Many of these posts talk about network functions virtualization (NFV) rather than software-defined networking (SDN). NFV is a subset of SDN that is more specific, and it is applicable to a higher level of the application stack. Whereas SDN is aimed at the network layers, NFV is aimed at manipulating the data. The idea of NFV is to take the functions that traditionally would be a part of the network and move them into the compute stack. This move gives us many abilities that we wouldn’t have if the functions remained isolated from the compute. It also lets us move to a much simpler underlying network that is capable of moving traffic around much more quickly. This article aims to examine the different parts that NFV encompasses and to discuss what we gain.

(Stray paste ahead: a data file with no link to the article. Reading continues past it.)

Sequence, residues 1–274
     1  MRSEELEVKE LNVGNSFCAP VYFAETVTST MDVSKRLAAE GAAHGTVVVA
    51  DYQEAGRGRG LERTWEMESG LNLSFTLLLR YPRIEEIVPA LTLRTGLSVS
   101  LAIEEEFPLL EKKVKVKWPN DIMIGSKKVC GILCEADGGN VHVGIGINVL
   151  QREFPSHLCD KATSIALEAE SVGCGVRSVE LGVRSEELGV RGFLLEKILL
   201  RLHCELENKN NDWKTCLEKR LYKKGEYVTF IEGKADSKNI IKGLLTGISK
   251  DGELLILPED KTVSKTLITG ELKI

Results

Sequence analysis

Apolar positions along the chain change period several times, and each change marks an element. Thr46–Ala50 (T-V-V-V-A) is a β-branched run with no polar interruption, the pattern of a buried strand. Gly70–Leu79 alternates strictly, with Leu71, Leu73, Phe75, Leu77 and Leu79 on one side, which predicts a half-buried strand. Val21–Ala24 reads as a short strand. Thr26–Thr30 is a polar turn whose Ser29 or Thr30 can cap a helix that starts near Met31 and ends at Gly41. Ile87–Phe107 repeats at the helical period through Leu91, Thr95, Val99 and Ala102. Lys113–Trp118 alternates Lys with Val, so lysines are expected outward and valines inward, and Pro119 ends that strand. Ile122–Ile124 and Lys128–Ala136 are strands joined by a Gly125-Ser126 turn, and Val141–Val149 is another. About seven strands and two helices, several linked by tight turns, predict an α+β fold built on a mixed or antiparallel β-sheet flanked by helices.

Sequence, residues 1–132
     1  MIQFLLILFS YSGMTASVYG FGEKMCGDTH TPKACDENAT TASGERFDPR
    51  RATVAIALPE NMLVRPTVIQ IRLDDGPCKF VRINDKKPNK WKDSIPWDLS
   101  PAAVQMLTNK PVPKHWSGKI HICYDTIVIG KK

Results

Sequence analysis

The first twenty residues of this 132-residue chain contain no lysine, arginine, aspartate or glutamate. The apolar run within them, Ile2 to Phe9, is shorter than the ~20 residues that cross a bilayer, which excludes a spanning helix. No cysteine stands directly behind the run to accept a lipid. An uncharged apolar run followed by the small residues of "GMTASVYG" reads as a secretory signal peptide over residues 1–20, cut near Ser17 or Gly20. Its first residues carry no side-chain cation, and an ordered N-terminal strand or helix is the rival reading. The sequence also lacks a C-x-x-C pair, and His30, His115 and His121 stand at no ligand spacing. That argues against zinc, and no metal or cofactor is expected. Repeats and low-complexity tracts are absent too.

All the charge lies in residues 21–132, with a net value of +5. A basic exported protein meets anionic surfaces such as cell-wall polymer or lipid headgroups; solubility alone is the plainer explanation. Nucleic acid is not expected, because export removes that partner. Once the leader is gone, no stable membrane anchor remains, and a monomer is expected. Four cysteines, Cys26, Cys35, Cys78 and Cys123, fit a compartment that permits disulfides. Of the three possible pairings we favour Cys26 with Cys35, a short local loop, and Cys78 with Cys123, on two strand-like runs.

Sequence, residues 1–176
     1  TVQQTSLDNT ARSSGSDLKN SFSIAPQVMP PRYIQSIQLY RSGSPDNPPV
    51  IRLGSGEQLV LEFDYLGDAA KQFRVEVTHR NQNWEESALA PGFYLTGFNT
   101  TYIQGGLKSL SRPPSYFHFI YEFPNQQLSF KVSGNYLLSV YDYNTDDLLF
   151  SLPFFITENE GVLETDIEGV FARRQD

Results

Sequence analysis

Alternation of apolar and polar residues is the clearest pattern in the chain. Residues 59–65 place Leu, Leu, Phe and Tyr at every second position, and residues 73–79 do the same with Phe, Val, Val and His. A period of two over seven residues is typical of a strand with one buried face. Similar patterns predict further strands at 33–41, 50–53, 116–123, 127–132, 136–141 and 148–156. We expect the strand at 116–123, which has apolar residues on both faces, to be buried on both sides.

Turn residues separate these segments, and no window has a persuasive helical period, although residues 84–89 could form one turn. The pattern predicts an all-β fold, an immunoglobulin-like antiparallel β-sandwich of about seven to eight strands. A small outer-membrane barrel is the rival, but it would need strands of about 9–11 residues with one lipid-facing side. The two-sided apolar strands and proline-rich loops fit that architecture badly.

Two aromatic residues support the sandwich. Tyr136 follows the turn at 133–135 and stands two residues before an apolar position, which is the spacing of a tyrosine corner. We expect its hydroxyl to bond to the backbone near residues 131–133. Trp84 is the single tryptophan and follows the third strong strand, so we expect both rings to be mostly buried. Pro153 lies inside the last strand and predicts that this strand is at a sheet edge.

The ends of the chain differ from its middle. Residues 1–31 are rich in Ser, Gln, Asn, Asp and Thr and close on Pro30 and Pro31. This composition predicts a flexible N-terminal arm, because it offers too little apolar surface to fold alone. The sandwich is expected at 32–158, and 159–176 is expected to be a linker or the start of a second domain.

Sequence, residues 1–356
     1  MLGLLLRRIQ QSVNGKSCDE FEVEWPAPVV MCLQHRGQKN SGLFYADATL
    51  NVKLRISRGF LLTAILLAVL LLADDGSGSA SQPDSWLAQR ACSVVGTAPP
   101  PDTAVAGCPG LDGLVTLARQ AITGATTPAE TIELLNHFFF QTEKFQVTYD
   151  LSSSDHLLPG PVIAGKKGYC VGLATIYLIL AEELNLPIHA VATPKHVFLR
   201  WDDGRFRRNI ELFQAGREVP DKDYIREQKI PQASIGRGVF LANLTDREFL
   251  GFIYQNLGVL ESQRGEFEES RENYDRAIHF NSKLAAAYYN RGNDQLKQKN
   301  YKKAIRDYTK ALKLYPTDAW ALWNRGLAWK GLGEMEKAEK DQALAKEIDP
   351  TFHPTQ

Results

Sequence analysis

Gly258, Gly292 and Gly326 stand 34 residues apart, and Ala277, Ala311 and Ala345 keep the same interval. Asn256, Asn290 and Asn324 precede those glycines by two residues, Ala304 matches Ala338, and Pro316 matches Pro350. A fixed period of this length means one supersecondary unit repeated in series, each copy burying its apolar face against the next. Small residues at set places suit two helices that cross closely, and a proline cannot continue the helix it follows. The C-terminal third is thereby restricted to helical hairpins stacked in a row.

The first, simplest, and most obvious function to virtualize is the switch. At the most basic level, we can’t virtualize servers without also virtualizing their connectivity. While we could in theory pass all of the traffic for all of the virtual machines to an external switch directly, we would not be able to differentiate between the traffic on the way back to the VM without something inspecting the traffic. In effect, we must have half of a virtual switch, so we may as well have a full one. The virtual switch, then, gives us the ability to avoid hairpinning traffic between VMs in the same host out to an external switch. We can move VLAN tagging and some QoS functions into the server, meaning that top-of-rack switches don’t need to do this grunt work. Virtual switching is an integral part of all hypervisors.